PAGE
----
Facing off against fast-casual catering

Noncommercial is poised to deliver for customers who want laid-back options.

serving food

The opportunity to customize plates is important for diners seeking more casual catering options.

Noncommercial caterers say the mammoth growth of fast-casual chains like Chipotle and Shake Shack hasn’t cut into their profits. But the have-it-your-way menus and relaxed, help-yourself experience are changing customers’ expectations for catering in a big way.

“The whole concept is this idea of personalization,” says John Cummins, general manager of resident dining at Bucknell University. “Not just in terms of taste, but in terms of health and allergens.” 

At the Lewisburg, Pa., school that means action stations serving made-to-order sushi, pasta, sliders and grits are a catering mainstay. But action stations call for additional labor, which can drive up prices.

To offer more customization while keeping costs low, Dickinson College Catering Manager Kim Foltz deconstructs dishes to give guests the opportunity to build their own plates. Instead of serving a composed rosemary chicken salad, the Carlisle, Pa., operator sets up separate platters for each component—chicken, field greens, roasted potatoes and roasted vegetables—to provide flexibility for vegetarians or diners following a low-carb diet.

“The guests with special restrictions do appreciate being able to eat off the same buffet or having close to the same menu and not be singled out with a plate of food sitting there with their name on it,” Foltz says.

The lower price points in fast casual also have played a role in shaping customers’ expectations. “When people go to Panera or Chipotle and then come to us, they wonder why our pricing might be a little higher,” says Kristian Forrest, an Aramark executive chef with East Carolina University in Greenville, N.C.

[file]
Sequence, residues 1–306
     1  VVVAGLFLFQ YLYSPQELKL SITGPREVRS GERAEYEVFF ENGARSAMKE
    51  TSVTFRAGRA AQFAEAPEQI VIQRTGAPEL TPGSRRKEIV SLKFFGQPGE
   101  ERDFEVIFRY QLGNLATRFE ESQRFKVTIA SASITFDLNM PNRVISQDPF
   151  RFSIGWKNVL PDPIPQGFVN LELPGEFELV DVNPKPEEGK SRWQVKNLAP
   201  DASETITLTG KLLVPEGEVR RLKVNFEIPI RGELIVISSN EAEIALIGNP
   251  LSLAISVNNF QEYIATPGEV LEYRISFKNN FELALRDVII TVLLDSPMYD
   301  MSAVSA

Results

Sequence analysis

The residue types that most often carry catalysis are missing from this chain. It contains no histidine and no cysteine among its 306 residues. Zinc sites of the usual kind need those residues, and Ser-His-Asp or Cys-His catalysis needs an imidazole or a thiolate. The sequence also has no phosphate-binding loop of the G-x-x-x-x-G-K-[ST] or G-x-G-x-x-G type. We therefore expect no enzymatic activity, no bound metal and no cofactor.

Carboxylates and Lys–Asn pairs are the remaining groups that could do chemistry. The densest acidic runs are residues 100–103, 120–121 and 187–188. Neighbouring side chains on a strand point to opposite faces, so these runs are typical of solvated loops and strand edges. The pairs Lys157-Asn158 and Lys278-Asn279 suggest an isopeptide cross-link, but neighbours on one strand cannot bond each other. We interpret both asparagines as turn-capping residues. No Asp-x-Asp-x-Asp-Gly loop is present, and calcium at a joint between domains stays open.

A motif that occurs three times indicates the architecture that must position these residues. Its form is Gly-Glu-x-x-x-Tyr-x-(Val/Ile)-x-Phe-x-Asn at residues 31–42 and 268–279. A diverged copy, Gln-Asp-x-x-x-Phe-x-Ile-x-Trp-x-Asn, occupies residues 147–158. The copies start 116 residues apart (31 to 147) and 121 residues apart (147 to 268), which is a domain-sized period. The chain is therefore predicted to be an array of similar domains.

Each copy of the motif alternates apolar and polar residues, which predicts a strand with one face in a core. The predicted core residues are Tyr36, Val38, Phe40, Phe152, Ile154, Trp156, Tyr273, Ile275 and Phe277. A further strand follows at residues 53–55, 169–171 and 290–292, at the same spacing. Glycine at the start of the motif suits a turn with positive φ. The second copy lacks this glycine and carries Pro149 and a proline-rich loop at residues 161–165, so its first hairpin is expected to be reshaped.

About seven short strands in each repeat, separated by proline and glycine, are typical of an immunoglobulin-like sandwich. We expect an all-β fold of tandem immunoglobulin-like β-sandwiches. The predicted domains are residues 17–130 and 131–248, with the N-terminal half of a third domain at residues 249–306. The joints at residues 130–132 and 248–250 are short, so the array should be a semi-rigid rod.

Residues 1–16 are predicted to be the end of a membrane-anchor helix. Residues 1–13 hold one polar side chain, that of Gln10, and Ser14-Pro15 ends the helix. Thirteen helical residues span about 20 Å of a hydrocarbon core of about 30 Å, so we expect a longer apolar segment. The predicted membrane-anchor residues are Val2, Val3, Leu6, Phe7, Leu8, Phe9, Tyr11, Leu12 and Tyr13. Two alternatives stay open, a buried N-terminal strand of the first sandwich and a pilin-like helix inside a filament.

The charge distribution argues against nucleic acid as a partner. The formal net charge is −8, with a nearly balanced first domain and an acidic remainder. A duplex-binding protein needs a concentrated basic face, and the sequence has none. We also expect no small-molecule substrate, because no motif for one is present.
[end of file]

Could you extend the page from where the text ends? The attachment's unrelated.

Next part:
The answer is important for caterers to spell out: That means highlighting the delivery, setup and clean-up services noncommercial catering offers, says Bucknell Resident District Manager Ty Paup. “We’re doing all that for you. So you don’t just get the food, you get the full feel of service.”

Yet, these days many customers who are used to eating at fast-casual restaurants are less likely to want full service for catered events. For a more casual feel, Forrest offers disposable serviceware, for example. “To complement our disposable service, customers can elect to have the event drop-off style, where everything is delivered to them and the customer is in charge of setup, service and breakdown,” he says.

Panera and other fast casuals looking to boost their catering business are touting online ordering to make the process easier for customers. Though some noncommercial operators, like Forrest, handle all of their catering orders online, others prefer a more personalized approach.